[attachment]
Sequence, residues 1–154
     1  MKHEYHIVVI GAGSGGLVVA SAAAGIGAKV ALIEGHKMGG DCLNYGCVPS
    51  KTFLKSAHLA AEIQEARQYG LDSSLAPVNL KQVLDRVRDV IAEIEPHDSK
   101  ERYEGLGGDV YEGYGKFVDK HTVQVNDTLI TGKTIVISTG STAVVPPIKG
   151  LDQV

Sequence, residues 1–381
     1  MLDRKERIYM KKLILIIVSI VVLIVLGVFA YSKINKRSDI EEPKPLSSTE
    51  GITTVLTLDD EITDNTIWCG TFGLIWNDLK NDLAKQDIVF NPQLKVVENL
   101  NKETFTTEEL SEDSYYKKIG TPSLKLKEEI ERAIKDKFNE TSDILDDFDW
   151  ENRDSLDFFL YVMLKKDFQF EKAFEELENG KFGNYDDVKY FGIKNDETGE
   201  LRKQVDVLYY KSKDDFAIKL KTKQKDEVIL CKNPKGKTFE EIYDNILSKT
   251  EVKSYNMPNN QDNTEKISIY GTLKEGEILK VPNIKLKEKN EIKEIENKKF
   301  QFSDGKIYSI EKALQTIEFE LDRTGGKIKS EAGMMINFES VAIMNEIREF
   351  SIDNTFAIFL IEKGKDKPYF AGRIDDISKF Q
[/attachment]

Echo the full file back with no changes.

Sequence, residues 1–154
     1  MKHEYHIVVI GAGSGGLVVA SAAAGIGAKV ALIEGHKMGG DCLNYGCVPS
    51  KTFLKSAHLA AEIQEARQYG LDSSLAPVNL KQVLDRVRDV IAEIEPHDSK
   101  ERYEGLGGDV YEGYGKFVDK HTVQVNDTLI TGKTIVISTG STAVVPPIKG
   151  LDQV

Sequence, residues 1–381
     1  MLDRKERIYM KKLILIIVSI VVLIVLGVFA YSKINKRSDI EEPKPLSSTE
    51  GITTVLTLDD EITDNTIWCG TFGLIWNDLK NDLAKQDIVF NPQLKVVENL
   101  NKETFTTEEL SEDSYYKKIG TPSLKLKEEI ERAIKDKFNE TSDILDDFDW
   151  ENRDSLDFFL YVMLKKDFQF EKAFEELENG KFGNYDDVKY FGIKNDETGE
   201  LRKQVDVLYY KSKDDFAIKL KTKQKDEVIL CKNPKGKTFE EIYDNILSKT
   251  EVKSYNMPNN QDNTEKISIY GTLKEGEILK VPNIKLKEKN EIKEIENKKF
   301  QFSDGKIYSI EKALQTIEFE LDRTGGKIKS EAGMMINFES VAIMNEIREF
   351  SIDNTFAIFL IEKGKDKPYF AGRIDDISKF Q